Hurtigruten CEO Daniel Skjeldam said he is “very sorry” after 35 crew and one passenger tested positive for COVID-19 on some of the first international cruises to operate since the global pandemic put a stop to virtually all cruise traffic around the world.
Almost 400 passengers now face a mandatory 10-day quarantine, but the company faces criticism for not contacting the passengers quickly enough.
Two crew fell ill
Two crew members had been isolated for several days after falling ill during the return from a week-long cruise to Svalbard on the MS Roald Amundsen. Upon arrival at Tromsø in northern Norway, both tested positive for COVID-19.
Following the news, the rest of the crew were tested. One passenger from a similar voyage the previous week had also tested positive. A third cruise scheduled for next week was immediately cancelled.
The ship remains in dock in Tromsø, where four of the crew were admitted to hospital. They are the first coronavirus cases in the Tromsø hospital since early June.
Tromsø mayor fears local outbreak
The mayor of Tromsø Gunnar Wilhelmsen was highly critical of Hurtigruten for letting hundreds of passengers leave the ship before the extent of the outbreak was known.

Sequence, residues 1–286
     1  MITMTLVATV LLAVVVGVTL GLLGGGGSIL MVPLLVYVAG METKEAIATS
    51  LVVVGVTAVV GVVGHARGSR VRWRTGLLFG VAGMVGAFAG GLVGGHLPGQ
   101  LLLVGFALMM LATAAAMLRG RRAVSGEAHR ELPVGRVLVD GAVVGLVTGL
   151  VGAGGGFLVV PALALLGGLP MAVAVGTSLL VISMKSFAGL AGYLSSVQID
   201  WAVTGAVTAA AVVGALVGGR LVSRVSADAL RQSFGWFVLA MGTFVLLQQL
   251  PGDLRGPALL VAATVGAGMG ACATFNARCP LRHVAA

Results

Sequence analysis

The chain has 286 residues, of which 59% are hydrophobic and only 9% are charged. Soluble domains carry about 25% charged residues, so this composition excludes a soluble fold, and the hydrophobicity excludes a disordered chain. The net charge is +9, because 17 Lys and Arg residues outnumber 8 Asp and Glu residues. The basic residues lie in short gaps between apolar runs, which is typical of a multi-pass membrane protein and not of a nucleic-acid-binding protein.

The cruise line has still not been able to reach a small number of passengers, which risks further spreading of any potential infection. Wilhelmsen told local newspaper Nordlys that he now fears an outbreak in the city.
At a press conference, Norway’s minister of Health and Care Services Bent Høie said how important it is that passengers now comply with the mandatory 10-day quarantine.
Hurtigruten rolled the dice by electing to return to the waters sooner than many other cruise companies. While Norway must now manage a potential public health crisis, the cruise line faces a PR disaster just weeks after announcing a series of new cruise routes in Europe for 2021.
In mid-June, Hurtigruten’s Norwegian coastal ferry service began a slow return to normal operations. On June 26, the line restarted its expedition cruises with a special 15-day cruise from Germany to the Norwegian fjords, followed by a series of Svalbard cruises.
All vessels were operating below capacity to increase the opportunity for adequate social distancing. Despite the outbreak, one passenger told NRK that infection control was taken “very seriously” on board, with frequent reminders to ensure social distancing and hygiene.